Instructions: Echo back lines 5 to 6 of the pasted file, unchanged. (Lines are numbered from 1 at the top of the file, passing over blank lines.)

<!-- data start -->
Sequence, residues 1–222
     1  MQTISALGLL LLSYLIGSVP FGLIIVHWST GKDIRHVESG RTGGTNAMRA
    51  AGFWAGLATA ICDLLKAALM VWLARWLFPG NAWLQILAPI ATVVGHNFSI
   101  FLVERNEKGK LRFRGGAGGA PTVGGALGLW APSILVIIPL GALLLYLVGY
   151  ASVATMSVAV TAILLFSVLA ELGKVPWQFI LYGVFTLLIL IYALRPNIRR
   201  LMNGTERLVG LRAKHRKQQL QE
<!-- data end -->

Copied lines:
   151  ASVATMSVAV TAILLFSVLA ELGKVPWQFI LYGVFTLLIL IYALRPNIRR
   201  LMNGTERLVG LRAKHRKQQL QE